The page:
A gluten-free diet can help your health out a lot, but it also has a potential to cause vitamin deficiencies. Gluten intolerance and vitamin deficiency are commonly linked.

What are the specific vitamins and minerals that will be less common in your foods if you start a gluten-free diet? The major ones are iron, Vitamin D, calcium, zinc, and various B vitamins. If you have fat malabsorption, you may also have issues getting enough vitamin A, vitamin E, and vitamin K. Each of these is vitally important. Your body needs them to function at its best. Here’s a rundown of what they do and why you might have issues getting them if you’re on a gluten-free diet:

  • Iron is what your blood uses to carry oxygen to your cells. Iron deficiency (also called anemia) will severally interrupt our life and can cause serious health issues, including death. The symptoms of low iron levels include weakness, fatigue, headaches, and difficulty concentrating.
  • Calcium, as you probably know from many a milk commercial, is good for bone health. It also helps ensure that blood clots when it needs to, as well as helping nerve function and muscle contractions. Celiac disease will impede calcium absorption and many people who have recently been diagnosed are lactose intolerant at least for a time. Since a lot of people get their calcium intake from dairy, getting enough can be an issue.
  • Zinc is important for your nerve function, immune system, and digestive system.
  • B vitamins play many roles. They help heart function, nerve function, and the production of red blood cells. They’re also essential to a healthy pregnancy. Common and important B vitamins you should be getting are folate and B12. Many foods are legally required to be enriched with B vitamins, but “specialty foods” like gluten-free bread and bread products do not have to follow these rules. B12 absorption is also reduced with age. Medications for the suppression of acid production also cause this issue.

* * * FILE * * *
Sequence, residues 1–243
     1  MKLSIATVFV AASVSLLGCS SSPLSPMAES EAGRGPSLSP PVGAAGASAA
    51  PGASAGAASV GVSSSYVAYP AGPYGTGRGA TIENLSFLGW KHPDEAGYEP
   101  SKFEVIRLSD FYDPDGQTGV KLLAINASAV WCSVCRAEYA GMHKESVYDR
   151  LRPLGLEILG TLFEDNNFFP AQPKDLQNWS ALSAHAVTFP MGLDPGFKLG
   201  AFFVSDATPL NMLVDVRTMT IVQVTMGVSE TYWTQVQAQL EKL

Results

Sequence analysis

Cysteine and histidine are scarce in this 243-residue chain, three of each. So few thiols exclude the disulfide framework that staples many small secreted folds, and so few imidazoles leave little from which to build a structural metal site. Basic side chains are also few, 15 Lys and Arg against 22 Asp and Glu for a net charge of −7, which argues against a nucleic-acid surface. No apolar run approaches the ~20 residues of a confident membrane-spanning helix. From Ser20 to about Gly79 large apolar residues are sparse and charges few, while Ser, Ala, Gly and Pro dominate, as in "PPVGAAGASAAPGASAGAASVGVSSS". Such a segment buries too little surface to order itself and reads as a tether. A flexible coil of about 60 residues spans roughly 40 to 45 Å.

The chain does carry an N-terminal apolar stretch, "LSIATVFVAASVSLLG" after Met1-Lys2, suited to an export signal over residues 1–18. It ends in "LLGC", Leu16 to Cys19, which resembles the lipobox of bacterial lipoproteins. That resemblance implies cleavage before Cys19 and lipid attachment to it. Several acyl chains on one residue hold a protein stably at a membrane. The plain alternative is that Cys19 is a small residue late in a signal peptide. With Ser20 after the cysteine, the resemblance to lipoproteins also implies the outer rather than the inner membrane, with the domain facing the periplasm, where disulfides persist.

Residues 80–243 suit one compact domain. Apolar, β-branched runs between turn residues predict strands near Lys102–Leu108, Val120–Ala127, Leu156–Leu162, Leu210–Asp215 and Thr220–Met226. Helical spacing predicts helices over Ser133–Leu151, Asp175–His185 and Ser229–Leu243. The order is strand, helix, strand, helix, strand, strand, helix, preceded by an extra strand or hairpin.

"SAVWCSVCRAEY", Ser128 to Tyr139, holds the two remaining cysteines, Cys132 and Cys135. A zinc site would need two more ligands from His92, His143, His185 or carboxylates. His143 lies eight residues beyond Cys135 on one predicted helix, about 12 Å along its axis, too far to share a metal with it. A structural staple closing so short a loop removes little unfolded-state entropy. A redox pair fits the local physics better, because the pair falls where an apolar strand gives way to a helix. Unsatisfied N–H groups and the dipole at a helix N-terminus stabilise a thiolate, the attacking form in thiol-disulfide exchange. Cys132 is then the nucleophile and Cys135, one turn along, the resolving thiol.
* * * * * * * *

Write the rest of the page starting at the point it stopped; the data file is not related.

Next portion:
• Vitamin A, vitamin E, and vitamin K deficiencies are also issues that you can develop on a gluten-free diet. These are often found in foods that contain gluten and are another vitamin you may miss out on without supplements.

There are a number of ways to include these important vitamins in your gluten-free diet. A number of them, especially iron and B vitamins, can be found in animal protein. There are a number of gluten-free dairy alternatives that help lactose-intolerant people get calcium that will also help those with celiac disease. Sometimes you can find vitamin enriched gluten-free foods.

The easiest and surest way to make sure that you’re getting enough of these important vitamins, however, is using supplements for a gluten-free diet. Taking a few pills every day to make sure you stay healthy is going to be much easier than doing the math based on nutrition labels and your doctor’s recommendations. It’s also likely much cheaper, too. Many of these are good supplements for celiac healing, as well, since they will help your body repair the damage caused by your gluten allergy.

First thing’s first: check with a doctor and dietician. Your doctor can point you in the direction of dieticians who can help you design a celiac diet that keeps you in good health. Not only will a good dietician help you make sure you get the vitamins you need, they’ll also help you make sure you know that the “gluten-free” label is actually good food. (The FDA has only recently standardized the meaning of gluten-free and not all products are up to that standard quite yet).

Following the medical advice of these professionals, look for the right supplements for celiac healing to add to your diet. Here are a few common celiac diet supplements that they’ll recommend:

  • Multivitamins are a common recommendation. These vitamins contain iron, zinc, b vitamins, and much more. They often have at least 100% of the recommended daily amount of these vitamins. There’s a number of brands and styles of multivitamins, from pills you can swallow that come in all sorts of sizes to gummies that you can chew.
  • Vitamin D supplements are also very common and come in a number of styles, made by many different brands. Getting some sunshine, of course, is the most fun kind, but it’s not always an option.
  • You can overdose on calcium, so make sure you pay careful attention to your dietician’s recommendations. Most will ask you to get calcium in your diet when you can. Most calcium supplements also have vitamin D in them.

While a gluten-free diet is going to miss some important vitamins and minerals, you can easily make sure you’re getting them with supplements. With just a couple pills a day, you’ll be starting on the road to better health in no time.

We have put a list of some of the to vitamins to supplement your gluten free diet.